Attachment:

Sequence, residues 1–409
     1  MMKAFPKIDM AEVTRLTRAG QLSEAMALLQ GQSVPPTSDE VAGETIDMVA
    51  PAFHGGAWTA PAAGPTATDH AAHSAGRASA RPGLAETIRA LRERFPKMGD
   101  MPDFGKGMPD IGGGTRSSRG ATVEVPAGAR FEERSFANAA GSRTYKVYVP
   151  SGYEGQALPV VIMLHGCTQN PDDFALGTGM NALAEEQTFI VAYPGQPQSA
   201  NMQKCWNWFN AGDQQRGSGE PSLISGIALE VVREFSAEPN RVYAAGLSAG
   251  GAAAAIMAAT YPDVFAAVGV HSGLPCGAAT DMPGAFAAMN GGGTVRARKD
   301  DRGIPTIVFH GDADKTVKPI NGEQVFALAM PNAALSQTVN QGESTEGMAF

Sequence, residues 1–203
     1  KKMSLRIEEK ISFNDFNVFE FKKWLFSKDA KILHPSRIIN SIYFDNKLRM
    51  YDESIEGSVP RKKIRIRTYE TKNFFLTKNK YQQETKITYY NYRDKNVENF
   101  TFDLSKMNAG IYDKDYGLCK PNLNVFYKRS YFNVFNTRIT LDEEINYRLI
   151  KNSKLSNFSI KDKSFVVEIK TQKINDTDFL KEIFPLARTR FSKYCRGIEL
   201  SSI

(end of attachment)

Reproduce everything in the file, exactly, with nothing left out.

Sequence, residues 1–409
     1  MMKAFPKIDM AEVTRLTRAG QLSEAMALLQ GQSVPPTSDE VAGETIDMVA
    51  PAFHGGAWTA PAAGPTATDH AAHSAGRASA RPGLAETIRA LRERFPKMGD
   101  MPDFGKGMPD IGGGTRSSRG ATVEVPAGAR FEERSFANAA GSRTYKVYVP
   151  SGYEGQALPV VIMLHGCTQN PDDFALGTGM NALAEEQTFI VAYPGQPQSA
   201  NMQKCWNWFN AGDQQRGSGE PSLISGIALE VVREFSAEPN RVYAAGLSAG
   251  GAAAAIMAAT YPDVFAAVGV HSGLPCGAAT DMPGAFAAMN GGGTVRARKD
   301  DRGIPTIVFH GDADKTVKPI NGEQVFALAM PNAALSQTVN QGESTEGMAF

Sequence, residues 1–203
     1  KKMSLRIEEK ISFNDFNVFE FKKWLFSKDA KILHPSRIIN SIYFDNKLRM
    51  YDESIEGSVP RKKIRIRTYE TKNFFLTKNK YQQETKITYY NYRDKNVENF
   101  TFDLSKMNAG IYDKDYGLCK PNLNVFYKRS YFNVFNTRIT LDEEINYRLI
   151  KNSKLSNFSI KDKSFVVEIK TQKINDTDFL KEIFPLARTR FSKYCRGIEL
   201  SSI